Hearings Begin as Marijuana Advocates Sue Jeff Sessions, DEA

Jeff Sessions was confirmed as head of the United States Department of Justice in 2017.
Jeff Sessions was confirmed as head of the United States Department of Justice in 2017. reinstein
United States Attorney General Jeff Sessions hasn't been shy about his disdain for marijuana use since being given the keys to the United States Department of Justice, but his department found itself on the defense in federal court on Wednesday, February 14. Former NFL player Marvin Washington, a twelve-year-old medical marijuana patient and three more plaintiffs are suing the DOJ, Sessions and the Drug Enforcement Administration over the federal government's classification of marijuana as a Schedule I drug.

Appearing in front of U.S. District Judge Alvin Hellerstein in New York City, government lawyers argued that the lawsuit, filed in July 2017, should be dismissed for several reasons. Citing precedents in which federal judges upheld prohibition laws in the U.S. Constitution as well as the fact that the plaintiffs haven't petitioned the DEA to reclassify marijuana, Assistant U.S. Attorney Samuel Dolinger said that the case should be thrown out because of its failure to meet "exhaustion of remedies," which prevents litigants from seeking a remedy in a new court or legal jurisdiction until all other claims or potential remedies have been pursued.

In this case, Dolinger argued, the plaintiffs must petition the DEA before suing the federal government. Lawyers representing the plaintiffs responded that petitioning the DEA could take almost ten years; according to the lawsuit, they're suing the enforcement agencies over the alleged racist, political and unconstitutional federal prohibition of marijuana.

Washington is involved in the lawsuit because he can't take part in the federal Minority Business Enterprise program, while twelve-year-old epileptic patient Alexis Bortell and the father of seven-year-old neurological patient Jagger Cotte are suing the government because they're disallowed from insurance coverage because of medical marijuana use. U.S. Army veteran and post-traumatic stress disorder patient Jose Belen and the nonprofit organization Cannabis Cultural Association are also listed as plaintiffs. Washington is a former Denver Bronco (he was on the team during one of its Super Bowl wins), while the Bortell and Cotte families both moved to Colorado in order to have access to medical marijuana.

Alexis Bortell suffers from seizures, but got help from medical marijuana.
Bortell Facebook
Lawyers for the plaintiffs say they feel "confident" that the judge will let the case go forward after hearing his "probing" questions about the federal government's scheduling of marijuana in the same medical and legal class as heroin and LSD. "Our judge looked at the families of the Bortells, and Jagger's family, and Jose Belen, and said there can't be a legitimate debate with respect to how cannabis can be helping them," Lauren Rudick, an attorney representing the plaintiffs, said after the hearing. "We can't forget that this is truly a human-rights issue."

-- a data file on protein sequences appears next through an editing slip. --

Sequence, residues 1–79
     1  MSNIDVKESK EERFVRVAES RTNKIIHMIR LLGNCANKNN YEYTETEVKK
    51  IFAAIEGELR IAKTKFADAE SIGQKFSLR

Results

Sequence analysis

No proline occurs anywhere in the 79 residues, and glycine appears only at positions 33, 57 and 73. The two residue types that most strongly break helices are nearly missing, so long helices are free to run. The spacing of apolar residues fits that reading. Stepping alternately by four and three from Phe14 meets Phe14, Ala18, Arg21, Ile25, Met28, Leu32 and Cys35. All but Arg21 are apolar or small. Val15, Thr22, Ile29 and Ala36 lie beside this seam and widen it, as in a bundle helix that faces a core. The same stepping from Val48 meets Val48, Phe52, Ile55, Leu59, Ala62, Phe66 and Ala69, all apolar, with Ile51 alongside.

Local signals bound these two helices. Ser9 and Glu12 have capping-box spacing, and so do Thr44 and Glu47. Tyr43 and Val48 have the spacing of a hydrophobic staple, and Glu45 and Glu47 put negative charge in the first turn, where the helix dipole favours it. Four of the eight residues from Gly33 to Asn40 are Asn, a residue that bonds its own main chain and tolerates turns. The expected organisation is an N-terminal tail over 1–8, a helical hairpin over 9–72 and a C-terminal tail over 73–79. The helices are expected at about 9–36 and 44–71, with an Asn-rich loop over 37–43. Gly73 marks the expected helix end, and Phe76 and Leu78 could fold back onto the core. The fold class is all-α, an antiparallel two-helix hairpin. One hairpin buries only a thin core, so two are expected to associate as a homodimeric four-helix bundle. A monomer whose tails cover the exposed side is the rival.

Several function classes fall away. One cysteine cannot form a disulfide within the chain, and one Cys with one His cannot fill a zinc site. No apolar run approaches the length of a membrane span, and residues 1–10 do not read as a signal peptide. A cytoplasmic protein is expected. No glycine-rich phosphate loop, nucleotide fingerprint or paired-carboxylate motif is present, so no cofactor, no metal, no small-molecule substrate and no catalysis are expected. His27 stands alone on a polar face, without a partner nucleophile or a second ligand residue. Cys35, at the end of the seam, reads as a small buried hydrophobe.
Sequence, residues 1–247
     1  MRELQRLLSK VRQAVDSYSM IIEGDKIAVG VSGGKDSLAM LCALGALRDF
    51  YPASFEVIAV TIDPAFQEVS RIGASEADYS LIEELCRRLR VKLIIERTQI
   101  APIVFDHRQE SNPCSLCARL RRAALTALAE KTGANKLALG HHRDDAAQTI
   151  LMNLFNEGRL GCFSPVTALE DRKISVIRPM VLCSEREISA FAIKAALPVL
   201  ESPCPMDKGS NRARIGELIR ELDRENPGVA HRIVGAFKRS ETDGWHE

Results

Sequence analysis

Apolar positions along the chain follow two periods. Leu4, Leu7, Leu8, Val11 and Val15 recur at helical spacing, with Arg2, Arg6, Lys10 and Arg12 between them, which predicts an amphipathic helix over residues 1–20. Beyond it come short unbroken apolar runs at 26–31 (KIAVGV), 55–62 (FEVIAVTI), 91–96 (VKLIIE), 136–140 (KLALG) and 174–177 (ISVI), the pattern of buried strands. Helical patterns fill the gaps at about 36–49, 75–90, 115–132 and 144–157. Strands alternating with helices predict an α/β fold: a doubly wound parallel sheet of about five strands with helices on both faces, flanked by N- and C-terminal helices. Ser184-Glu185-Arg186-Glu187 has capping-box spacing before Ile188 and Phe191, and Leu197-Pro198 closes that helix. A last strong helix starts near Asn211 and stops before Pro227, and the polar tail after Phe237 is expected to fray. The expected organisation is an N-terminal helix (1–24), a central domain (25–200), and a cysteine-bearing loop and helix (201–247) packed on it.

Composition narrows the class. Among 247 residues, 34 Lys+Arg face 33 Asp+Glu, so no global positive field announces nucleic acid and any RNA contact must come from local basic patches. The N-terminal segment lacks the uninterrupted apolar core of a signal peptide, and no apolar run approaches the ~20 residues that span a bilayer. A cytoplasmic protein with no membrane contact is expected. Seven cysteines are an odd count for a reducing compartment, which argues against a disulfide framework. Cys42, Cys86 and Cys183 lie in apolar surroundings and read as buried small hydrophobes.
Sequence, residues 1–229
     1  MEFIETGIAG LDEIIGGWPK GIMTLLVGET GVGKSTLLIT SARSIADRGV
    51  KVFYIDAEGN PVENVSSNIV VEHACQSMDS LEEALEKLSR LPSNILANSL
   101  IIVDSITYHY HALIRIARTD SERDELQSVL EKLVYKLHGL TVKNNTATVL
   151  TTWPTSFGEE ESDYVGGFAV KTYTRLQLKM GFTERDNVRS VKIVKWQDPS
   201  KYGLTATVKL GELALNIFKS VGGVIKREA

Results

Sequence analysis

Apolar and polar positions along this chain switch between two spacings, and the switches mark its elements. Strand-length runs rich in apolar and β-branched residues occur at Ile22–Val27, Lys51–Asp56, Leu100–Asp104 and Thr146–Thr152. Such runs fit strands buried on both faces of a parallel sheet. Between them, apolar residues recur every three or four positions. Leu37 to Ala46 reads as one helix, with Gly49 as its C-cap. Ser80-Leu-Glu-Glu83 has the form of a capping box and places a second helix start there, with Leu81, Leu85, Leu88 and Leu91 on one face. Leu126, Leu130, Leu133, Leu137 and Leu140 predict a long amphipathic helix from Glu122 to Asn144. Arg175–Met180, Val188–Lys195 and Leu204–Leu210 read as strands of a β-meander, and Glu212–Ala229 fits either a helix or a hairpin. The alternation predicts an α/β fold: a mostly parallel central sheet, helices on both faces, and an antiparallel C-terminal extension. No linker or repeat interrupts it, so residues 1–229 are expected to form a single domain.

Sessions didn't appear at the hearing, and neither did Alexis Bortell. Denver marijuana activist Melanie Rodgers, a friend of the girl, and Alexis's father, a disabled Navy veteran, were both in court on February 14, however.  "She couldn't legally [come to] this hearing because of her medicine, but that's not going to stop her parents," Rodgers says of Alexis. "This is just the beginning. We need more people to be educated on this."

Rodgers has been active in medical and adult-use marijuana causes for several years; most of the plaintiffs were new to activism before the lawsuit was filed. "For a lot of people, this is their first time really going to bat," Rodgers adds. "But they had support. There were people here from Las Vegas, Arizona, Colorado, New Jersey and New York."

Although the judge appeared to sympathize with the plaintiffs and questioned the federal government's scientific stance on marijuana's medical benefits (or lack thereof), the Associated Press reported that he appeared to side with Dolinger's argument that a petition should have been filed with the DEA first.

If the judge allows the lawsuit to proceed and it is eventually successful, a win for the plaintiffs would prohibit the DEA, DOJ and all other federal agencies from enforcing 1970's Controlled Substances Act as it pertains to marijuana. Read the entire lawsuit, Marvin Washington et al. v. Jeff Sessions et al., below.
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Thomas Mitchell has written about all things cannabis for Westword since 2014, covering sports, real estate and general news along the way for publications such as the Arizona Republic, Inman and Fox Sports. He's currently the cannabis editor for
Contact: Thomas Mitchell